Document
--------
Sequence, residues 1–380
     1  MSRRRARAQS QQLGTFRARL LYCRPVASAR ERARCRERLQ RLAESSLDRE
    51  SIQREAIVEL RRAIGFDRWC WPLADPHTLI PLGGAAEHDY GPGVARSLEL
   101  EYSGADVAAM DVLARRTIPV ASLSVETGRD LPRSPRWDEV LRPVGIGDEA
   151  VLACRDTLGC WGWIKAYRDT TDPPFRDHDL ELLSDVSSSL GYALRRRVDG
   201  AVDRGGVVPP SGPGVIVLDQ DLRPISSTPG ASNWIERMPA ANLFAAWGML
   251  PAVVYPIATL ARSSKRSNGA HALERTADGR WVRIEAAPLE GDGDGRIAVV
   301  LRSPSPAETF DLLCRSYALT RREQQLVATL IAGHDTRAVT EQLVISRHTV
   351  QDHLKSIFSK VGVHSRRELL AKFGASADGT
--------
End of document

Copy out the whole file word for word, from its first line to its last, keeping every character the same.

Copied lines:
Sequence, residues 1–380
     1  MSRRRARAQS QQLGTFRARL LYCRPVASAR ERARCRERLQ RLAESSLDRE
    51  SIQREAIVEL RRAIGFDRWC WPLADPHTLI PLGGAAEHDY GPGVARSLEL
   101  EYSGADVAAM DVLARRTIPV ASLSVETGRD LPRSPRWDEV LRPVGIGDEA
   151  VLACRDTLGC WGWIKAYRDT TDPPFRDHDL ELLSDVSSSL GYALRRRVDG
   201  AVDRGGVVPP SGPGVIVLDQ DLRPISSTPG ASNWIERMPA ANLFAAWGML
   251  PAVVYPIATL ARSSKRSNGA HALERTADGR WVRIEAAPLE GDGDGRIAVV
   301  LRSPSPAETF DLLCRSYALT RREQQLVATL IAGHDTRAVT EQLVISRHTV
   351  QDHLKSIFSK VGVHSRRELL AKFGASADGT